“The proposal the Corps has, the wall actually stops prior to protecting these communities. Their reason being that a cost-benefit analysis doesn't pan out. Mainly looking at real estate and saying, if the real estate value is low and this wall is going to cost a certain amount of money, then the cost-benefit doesn't pan out. And by law, they have to reach a certain cost-benefit ratio,” Bowers said. “You could argue that that goes all the way back to redlining and systemic racism. And the reason those property values are low is because of some of those policies that were put in place back in the 40s and 50s and 60s or maybe even longer than that, right? And still to this day, when you look at a project like this, and those property values are lower, that type of systemic racism is still continuing. It's still being perpetuated, I should say.”
The cost of the Army Corps Sea Wall – $384.5 million for the City out of $1.1 billion total, at last count – has been a consistent driver of opposition. Bowers sees the targeted, iterative approach of Imagine the Wall as an affordable way for Charleston to adapt to sea level rise – the projects can start small and be developed five, 10, 20 years down the road as conditions change. He can imagine funding coming from the Corps for the core structural components, transportation funds for the roadway projects, federal and state resiliency funds, commercial private enterprise integration – the list goes on.
Rising to the challenge of the climate crisis and preparing for our future isn’t just a matter of going with old, technocratic solutions, the Imagine the Wall team agreed – it will take a more modern approach.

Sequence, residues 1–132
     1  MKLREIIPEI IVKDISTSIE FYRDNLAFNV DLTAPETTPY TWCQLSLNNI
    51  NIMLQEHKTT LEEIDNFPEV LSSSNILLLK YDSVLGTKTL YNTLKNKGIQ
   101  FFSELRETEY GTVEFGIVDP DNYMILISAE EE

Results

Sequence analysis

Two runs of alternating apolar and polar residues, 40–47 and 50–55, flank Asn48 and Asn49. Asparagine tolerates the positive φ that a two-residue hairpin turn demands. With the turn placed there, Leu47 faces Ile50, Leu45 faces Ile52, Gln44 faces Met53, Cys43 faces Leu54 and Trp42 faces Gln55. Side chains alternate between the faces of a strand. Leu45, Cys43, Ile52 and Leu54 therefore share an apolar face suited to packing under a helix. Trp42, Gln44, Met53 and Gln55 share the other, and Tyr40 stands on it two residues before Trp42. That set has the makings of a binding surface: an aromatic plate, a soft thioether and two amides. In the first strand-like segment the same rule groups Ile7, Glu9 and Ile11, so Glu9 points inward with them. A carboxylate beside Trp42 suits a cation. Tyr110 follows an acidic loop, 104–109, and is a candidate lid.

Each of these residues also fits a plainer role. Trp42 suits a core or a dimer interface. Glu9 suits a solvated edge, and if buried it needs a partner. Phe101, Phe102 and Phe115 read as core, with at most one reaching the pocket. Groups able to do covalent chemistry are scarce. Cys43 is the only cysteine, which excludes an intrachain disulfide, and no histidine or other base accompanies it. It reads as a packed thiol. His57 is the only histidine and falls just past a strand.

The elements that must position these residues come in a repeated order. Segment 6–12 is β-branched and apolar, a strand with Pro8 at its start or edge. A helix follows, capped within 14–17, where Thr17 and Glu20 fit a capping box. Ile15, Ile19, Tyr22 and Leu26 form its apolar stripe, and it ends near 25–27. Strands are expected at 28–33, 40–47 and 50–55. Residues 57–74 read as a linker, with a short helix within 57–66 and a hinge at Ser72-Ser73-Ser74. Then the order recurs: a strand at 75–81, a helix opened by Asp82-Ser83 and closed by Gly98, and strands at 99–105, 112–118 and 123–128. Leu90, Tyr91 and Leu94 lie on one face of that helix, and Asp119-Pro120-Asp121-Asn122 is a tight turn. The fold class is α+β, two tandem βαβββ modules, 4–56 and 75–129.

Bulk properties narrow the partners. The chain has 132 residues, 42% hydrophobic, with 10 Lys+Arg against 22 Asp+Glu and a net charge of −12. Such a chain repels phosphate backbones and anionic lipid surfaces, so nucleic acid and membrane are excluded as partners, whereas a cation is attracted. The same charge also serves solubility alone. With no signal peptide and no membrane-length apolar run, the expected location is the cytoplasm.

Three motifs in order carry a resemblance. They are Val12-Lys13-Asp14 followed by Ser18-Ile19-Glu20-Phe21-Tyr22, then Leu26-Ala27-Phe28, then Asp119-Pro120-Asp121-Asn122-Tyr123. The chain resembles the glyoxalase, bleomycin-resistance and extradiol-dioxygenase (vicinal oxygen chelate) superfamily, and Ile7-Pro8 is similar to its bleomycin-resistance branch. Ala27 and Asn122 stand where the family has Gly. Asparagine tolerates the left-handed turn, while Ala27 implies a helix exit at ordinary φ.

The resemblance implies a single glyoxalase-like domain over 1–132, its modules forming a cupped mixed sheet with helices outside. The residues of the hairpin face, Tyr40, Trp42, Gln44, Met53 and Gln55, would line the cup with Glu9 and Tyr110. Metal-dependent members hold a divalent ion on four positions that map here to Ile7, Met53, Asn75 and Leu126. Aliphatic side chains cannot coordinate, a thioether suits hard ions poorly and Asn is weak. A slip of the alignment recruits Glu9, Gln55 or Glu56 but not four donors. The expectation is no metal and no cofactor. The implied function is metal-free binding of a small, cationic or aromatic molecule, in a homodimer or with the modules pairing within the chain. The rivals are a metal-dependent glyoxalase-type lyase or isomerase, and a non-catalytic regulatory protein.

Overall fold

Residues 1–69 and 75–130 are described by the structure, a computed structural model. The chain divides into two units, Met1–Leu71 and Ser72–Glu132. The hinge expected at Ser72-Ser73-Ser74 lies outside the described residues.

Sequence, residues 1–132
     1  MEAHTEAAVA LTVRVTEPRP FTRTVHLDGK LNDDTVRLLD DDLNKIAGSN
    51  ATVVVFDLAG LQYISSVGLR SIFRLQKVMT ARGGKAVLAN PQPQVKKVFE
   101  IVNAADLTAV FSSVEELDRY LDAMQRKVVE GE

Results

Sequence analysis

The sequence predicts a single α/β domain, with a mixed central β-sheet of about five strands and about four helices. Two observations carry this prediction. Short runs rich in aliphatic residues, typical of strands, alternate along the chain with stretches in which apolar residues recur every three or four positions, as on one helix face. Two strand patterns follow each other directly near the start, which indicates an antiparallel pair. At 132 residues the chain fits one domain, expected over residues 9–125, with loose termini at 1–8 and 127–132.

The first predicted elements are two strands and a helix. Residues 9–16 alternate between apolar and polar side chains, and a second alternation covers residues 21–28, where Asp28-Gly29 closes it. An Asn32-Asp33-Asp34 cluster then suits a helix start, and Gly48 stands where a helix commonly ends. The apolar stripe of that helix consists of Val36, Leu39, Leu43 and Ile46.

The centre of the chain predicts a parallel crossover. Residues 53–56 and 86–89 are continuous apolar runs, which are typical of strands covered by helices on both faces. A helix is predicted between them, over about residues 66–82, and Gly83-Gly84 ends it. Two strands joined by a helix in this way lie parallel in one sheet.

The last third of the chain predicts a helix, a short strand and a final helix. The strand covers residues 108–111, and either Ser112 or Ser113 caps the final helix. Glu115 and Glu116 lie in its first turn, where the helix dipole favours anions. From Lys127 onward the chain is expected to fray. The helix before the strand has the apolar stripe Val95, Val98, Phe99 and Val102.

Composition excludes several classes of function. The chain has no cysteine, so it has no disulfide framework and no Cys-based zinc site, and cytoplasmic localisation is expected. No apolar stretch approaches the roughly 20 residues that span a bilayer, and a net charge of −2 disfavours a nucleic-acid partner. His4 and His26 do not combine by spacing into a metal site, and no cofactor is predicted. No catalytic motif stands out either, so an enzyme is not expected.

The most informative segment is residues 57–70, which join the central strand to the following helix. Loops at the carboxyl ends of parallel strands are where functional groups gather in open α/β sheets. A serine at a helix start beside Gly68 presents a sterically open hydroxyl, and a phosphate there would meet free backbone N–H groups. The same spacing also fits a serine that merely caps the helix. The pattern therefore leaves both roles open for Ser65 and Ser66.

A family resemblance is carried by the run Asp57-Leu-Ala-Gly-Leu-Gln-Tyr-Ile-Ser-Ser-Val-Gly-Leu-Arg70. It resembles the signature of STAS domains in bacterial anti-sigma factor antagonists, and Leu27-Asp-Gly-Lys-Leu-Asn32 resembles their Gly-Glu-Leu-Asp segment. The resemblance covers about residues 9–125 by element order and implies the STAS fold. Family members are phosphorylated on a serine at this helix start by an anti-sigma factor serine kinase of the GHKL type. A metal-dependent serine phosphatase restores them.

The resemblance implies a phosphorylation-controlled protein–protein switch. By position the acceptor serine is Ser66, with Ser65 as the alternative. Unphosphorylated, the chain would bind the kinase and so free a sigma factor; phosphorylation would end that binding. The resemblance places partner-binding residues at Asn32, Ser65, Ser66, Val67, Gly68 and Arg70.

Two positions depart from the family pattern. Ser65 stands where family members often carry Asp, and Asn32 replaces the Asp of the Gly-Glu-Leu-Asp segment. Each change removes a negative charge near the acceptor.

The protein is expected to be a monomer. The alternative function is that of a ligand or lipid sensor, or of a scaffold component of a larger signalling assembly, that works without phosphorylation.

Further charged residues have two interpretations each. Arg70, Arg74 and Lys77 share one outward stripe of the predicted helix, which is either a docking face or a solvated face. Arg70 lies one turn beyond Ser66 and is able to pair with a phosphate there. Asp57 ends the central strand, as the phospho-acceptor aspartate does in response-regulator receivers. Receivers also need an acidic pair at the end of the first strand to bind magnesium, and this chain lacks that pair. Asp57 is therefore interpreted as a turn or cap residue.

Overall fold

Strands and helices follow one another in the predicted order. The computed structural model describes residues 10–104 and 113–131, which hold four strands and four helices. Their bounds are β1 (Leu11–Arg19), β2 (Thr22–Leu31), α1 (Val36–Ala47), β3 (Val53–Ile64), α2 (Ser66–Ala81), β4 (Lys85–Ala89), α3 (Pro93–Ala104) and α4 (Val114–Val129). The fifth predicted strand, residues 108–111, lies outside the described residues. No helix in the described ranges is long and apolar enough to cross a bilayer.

“The risk is that, because of our radically changing ecology, we will get much bigger division in our society. Ecofascism, ecoapartheid -- those are words other people use. The social impacts of these changes in our earth system are just going to be significant,” Bouw said. “So when I hear the word ecofuturism, I think, well, we all need to work really, really hard to make sure that we have a future that is as good as we can make it for everyone. And that will include rebalancing our urban and our natural systems – taking, when we think about physical systems, social systems into account.”
Imagine the Wall posits a Charleston where we don’t have to choose between safety and livability, aesthetic and function, or effectiveness and environmentalism – by building our way towards a green city that embraces its watery sentence, we can take control over our climate future by accepting it.